Enormous Elephant Makes B-Line Right For Them, They Realize Why Just In Time

The problem of illegal poaching has become an international matter. Countless animals have been decimated from these careless crimes and a plethora of wild animals have fallen victim to the deadly combination of ignorance and greed. This carnage was given a platform when Inside Edition posted a video of a Zimbabwe elephant who was shot in the head by poachers. Fortunately, the animal was able to survive the horrendous ordeal thanks to game stewards.

The wounded animal approached game stewards in a Zimbabwe national park. The bullet in the elephant’s head came from a high powered hunting rifle and missed his brain by mere centimeters. The stewards were able to sedate the elephant and render veterinary aid. Following an x-ray, the bullet was successfully removed, which saved the elephant’s life. The team who rescued him gave him the unique nickname of ‘Pretty Boy.” When the elephant recovered from the sedative, he stood up and walked a short distance before falling asleep against a tree. He is expected to make a full recovery.

Illegal poaching is a billion dollar market, mostly in Asia, and top prices are paid for animal parts to be used as medicinals and also for those who fancy themselves as “collectors.” Elephants are highly social animals, thus they are considered to obtain high economic value by poachers who execute them by the herd. Poachers will often remove the ivory tusks once the elephants are dead, leaving their corpses to rot.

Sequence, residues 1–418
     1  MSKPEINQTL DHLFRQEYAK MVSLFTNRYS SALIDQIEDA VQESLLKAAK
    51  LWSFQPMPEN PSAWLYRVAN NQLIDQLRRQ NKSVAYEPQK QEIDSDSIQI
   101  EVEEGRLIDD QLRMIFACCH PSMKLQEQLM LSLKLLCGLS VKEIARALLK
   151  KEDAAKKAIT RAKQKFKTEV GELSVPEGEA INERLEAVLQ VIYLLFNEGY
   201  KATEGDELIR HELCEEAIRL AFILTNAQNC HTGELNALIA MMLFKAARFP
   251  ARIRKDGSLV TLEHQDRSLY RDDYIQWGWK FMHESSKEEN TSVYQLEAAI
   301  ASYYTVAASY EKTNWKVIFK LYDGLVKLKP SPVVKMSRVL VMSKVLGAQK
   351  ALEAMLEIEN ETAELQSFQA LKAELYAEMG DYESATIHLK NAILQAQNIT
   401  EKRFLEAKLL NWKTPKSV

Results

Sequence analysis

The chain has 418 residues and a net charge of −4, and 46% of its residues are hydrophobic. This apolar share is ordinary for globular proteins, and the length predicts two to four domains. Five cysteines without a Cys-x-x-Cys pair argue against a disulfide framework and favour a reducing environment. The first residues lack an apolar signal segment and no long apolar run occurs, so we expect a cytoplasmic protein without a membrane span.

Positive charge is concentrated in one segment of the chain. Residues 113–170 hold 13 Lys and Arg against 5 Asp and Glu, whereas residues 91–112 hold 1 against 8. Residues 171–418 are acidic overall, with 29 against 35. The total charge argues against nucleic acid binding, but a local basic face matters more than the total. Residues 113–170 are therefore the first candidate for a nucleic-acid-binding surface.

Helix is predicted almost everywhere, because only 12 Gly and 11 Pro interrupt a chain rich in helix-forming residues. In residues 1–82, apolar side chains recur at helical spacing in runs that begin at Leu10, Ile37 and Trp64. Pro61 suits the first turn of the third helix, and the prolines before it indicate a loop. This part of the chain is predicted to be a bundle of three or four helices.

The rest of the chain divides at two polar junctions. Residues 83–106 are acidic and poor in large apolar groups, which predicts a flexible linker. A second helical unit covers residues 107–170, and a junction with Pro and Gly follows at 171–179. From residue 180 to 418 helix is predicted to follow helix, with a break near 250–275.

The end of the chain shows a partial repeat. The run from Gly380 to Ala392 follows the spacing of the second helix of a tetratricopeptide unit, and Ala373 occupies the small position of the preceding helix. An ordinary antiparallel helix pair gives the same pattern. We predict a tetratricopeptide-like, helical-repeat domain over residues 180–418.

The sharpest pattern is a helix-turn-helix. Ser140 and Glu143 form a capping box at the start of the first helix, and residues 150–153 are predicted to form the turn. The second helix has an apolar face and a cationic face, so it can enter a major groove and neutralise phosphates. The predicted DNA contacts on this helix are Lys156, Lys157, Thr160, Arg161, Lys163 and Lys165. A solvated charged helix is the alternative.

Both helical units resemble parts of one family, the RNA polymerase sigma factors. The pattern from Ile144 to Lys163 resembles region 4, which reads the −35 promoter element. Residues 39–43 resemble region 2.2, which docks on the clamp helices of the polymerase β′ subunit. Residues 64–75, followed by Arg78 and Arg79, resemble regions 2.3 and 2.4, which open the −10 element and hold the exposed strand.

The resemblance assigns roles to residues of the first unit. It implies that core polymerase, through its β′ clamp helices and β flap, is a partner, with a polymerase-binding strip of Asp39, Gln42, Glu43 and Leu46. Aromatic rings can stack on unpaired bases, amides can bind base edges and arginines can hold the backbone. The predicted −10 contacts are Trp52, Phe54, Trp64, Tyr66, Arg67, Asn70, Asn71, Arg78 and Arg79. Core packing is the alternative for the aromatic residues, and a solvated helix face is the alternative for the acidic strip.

A plethora of African countries have been working tirelessly with international law enforcement and conservation groups for over two decades with the hope of terminating the inhumane, barbaric trade. Elephants are not the only target of poachers. The African Black Rhino is a highly endangered species and only one male specimen in addition to a few females are known to still exist. Tigers are also the prey of those who erroneously believe that their body parts will provide cures for ailments such as impotence and cancer.

As of now, conservationists and international law enforcement are believed to be fighting a losing battle against the poachers who continue to execute animals at alarming rates.

Source: AWM
Photo: AWM

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